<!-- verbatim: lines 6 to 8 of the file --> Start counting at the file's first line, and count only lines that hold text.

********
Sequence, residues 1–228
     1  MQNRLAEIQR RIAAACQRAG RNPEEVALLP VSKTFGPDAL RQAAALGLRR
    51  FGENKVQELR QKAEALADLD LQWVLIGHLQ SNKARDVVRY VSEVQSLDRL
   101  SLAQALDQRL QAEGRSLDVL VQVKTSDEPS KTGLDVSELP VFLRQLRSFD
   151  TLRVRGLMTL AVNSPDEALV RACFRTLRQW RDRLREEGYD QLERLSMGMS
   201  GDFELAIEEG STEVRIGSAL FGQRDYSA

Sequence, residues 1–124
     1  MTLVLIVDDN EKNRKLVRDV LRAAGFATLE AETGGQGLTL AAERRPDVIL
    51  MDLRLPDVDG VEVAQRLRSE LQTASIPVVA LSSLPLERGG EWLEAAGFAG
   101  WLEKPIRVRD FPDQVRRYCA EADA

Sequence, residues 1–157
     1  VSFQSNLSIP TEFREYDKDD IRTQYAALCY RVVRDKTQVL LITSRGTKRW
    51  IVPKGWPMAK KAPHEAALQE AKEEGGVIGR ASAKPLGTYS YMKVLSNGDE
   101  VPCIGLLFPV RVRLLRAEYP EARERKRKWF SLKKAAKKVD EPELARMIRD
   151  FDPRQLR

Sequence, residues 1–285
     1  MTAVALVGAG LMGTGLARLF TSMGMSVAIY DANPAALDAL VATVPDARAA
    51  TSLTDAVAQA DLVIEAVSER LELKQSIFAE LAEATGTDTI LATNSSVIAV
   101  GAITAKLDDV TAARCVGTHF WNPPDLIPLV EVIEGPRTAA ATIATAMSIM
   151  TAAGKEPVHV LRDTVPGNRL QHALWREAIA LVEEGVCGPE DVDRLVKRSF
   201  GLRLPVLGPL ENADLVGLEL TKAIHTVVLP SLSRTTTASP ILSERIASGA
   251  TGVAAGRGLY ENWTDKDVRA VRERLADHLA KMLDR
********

   201  GDFELAIEEG STEVRIGSAL FGQRDYSA

Sequence, residues 1–124
     1  MTLVLIVDDN EKNRKLVRDV LRAAGFATLE AETGGQGLTL AAERRPDVIL